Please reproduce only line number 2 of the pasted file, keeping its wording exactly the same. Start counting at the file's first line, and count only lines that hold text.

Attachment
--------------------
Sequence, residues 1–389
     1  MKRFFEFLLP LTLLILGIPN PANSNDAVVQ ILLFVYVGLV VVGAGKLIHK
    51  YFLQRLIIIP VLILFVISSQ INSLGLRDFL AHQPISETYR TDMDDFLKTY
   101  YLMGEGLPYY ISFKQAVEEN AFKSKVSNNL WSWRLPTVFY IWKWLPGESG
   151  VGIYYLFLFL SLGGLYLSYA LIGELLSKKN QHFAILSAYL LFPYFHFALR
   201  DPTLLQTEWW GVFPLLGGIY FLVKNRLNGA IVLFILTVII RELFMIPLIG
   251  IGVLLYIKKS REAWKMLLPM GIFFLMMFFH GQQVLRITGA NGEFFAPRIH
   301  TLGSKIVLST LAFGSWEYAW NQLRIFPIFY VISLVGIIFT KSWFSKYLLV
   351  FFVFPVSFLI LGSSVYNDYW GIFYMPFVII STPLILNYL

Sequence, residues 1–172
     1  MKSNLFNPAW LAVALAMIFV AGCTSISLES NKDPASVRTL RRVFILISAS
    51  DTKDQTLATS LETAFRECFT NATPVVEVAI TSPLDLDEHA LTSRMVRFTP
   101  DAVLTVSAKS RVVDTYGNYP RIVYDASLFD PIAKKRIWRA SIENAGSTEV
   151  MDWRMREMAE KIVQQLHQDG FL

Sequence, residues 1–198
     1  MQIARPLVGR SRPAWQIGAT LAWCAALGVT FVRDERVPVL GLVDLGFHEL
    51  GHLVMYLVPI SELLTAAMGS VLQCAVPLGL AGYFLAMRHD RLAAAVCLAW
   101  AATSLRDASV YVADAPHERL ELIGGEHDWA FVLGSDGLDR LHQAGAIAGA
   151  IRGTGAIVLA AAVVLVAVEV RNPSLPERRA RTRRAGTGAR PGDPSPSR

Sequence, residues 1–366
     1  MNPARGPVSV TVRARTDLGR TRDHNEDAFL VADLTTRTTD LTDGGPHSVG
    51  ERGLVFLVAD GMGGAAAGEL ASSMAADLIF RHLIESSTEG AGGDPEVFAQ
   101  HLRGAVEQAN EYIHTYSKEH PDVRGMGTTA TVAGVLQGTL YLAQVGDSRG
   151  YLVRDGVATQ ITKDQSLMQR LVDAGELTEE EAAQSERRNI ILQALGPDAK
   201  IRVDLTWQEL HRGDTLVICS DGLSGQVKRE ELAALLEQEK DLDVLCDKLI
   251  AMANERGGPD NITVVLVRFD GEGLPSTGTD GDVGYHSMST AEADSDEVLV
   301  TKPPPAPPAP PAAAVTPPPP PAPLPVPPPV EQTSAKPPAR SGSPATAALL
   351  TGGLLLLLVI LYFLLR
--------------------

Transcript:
     1  MKRFFEFLLP LTLLILGIPN PANSNDAVVQ ILLFVYVGLV VVGAGKLIHK